Generally, however, the double jeopardy clause does not bar a second prosecution following a mistrial declared at the request of the defendant. See United States v. Tateo, 377 U.S. 463, 467 (1964); United States v. Leonard, 593 F.2d 951, 954 (10th Cir. 1979) ("[G]enerally retrial is the rule" following a defense requested mistrial). In Oregon v. Kennedy, 456 U.S. 667 (1982), the Supreme Court discussed an exception to this general rule. The Court stated that a defendant who has successfully moved for a mistrial on grounds of prosecutorial misconduct may successfully claim double jeopardy as a bar to retrial, but "[o]nly where the governmental conduct in question is intended to 'goad' the defendant into moving for a mistrial." Kennedy, 456 U.S. at 676. The Kennedy exception is "intended to prevent the prosecution from forcing a mistrial when things are going badly for it, in the hope of improving its position in a new trial." GAF Corp., 884 F.2d at 673. Both the Supreme Court and the Second Circuit have emphasized that the Kennedy exception is narrow, and that even "harassing or overreaching conduct on the part of the prosecutor . . . 'does not bar retrial absent intent on the part of the prosecutor to subvert the protections afforded by the Double Jeopardy Clause.'" Id. (quoting Kennedy, 456 U.S. at 676).
In Kennedy itself, the Supreme Court held that double jeopardy did not bar a retrial where the prosecutor referred to the defendant as "a crook" because there was no intent by the prosecutor to cause a mistrial. Similarly, United States v. Millan, 17 F.3d 14 (2d Cir. 1994), the Second Circuit held that double jeopardy did not bar retrial following a mistrial because of the government's failure to disclose information about the misconduct of several of its witnesses. See also GAF Corp., 884 F.2d at 673-74 (holding that double jeopardy did not bar retrial of defendants resulting from the government's failure to turn over important discovery material).
The defendants appear to acknowledge that a finding of intentional misconduct is required in order for the Kennedy exception to apply. Nonetheless, they argue that the Court should infer bad faith because the circumstances suggest that the government intentionally withheld the documents in order to gain unfair advantage over the defendants.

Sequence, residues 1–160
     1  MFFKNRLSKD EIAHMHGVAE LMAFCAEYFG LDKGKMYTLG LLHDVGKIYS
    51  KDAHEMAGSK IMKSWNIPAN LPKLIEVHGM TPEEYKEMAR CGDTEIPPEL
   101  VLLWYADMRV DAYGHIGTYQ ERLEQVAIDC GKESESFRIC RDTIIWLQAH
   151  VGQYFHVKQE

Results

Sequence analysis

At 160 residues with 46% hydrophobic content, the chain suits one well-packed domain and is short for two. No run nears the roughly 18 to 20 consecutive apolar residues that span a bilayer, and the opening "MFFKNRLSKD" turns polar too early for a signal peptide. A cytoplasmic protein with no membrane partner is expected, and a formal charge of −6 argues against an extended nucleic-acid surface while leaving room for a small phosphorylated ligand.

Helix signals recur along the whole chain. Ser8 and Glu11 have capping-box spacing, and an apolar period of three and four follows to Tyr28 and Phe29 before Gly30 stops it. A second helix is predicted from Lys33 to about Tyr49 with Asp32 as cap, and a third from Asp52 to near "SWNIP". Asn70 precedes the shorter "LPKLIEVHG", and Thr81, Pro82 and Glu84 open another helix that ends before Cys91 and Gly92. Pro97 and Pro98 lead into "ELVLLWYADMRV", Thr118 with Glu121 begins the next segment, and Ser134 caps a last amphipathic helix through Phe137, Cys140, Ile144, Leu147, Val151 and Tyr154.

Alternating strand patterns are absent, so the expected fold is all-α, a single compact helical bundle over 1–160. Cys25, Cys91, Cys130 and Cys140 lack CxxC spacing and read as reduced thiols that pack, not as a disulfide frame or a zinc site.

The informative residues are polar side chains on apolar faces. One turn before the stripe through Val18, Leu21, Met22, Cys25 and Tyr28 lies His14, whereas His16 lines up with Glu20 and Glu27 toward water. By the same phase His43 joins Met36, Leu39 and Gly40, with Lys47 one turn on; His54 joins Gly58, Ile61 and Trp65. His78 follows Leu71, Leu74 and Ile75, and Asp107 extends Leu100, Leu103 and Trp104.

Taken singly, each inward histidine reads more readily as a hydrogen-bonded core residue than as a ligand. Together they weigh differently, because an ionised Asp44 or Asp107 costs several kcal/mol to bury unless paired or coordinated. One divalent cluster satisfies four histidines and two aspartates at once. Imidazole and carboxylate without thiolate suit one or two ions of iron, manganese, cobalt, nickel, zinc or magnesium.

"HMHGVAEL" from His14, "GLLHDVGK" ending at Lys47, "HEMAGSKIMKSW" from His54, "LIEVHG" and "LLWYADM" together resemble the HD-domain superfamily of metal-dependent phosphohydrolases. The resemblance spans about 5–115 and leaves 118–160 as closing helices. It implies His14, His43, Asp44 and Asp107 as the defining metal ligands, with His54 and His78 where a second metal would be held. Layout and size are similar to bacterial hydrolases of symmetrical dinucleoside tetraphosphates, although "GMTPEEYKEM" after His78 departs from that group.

The Court rejects this argument. As the Court stated when the mistrial was granted, the Jencks Act violations were the result of inadvertence on the part of the government, and not the result of any bad faith misconduct by the prosecutor. There is simply no evidence to suggest that the government intentionally withheld the Jencks materials in order to "goad" the defendant into making a mistrial. In fact, it was clear that the government was as surprised as the defendants to learn that these prior statements existed. The government also strenuously objected to the defendant's motion for a mistrial, which supports the Court's finding that it was not the government's intention to obtain a mistrial.
In United States v. McKoy, 78 F.3d 446 (9th Cir.), cert. denied, 519 U.S. 817 (1996), the Ninth Circuit held that double jeopardy did not bar retrial of the defendants following a mistrial granted as a result of the government's violation of the Jencks Act. The Court found that the government's conduct had resulted from "a series of misunderstandings and miscues between government agents" and was not the result of any intentional wrongdoing by the government. Id. at 451. As in McKoy, the government's lack of diligence in complying with its Jencks obligations simply does not rise to the level of misconduct necessary to bar retrial of the defendants. "Negligence, even if gross, is insufficient" to satisfy the Kennedy exception. United States v. Huang, 960 F.2d 1128, 1133 (2d Cir. 1992); see also Millan, 17 F.3d at 19 ("Even if the Government was less than diligent in its investigation . . . this negligence does not rise to the level of intentional conduct necessary to invoke the protections of the Double Jeopardy Clause.").
Accordingly, the Court hereby denies the defendants' motions to dismiss the indictment based upon double jeopardy grounds.
IT IS SO ORDERED.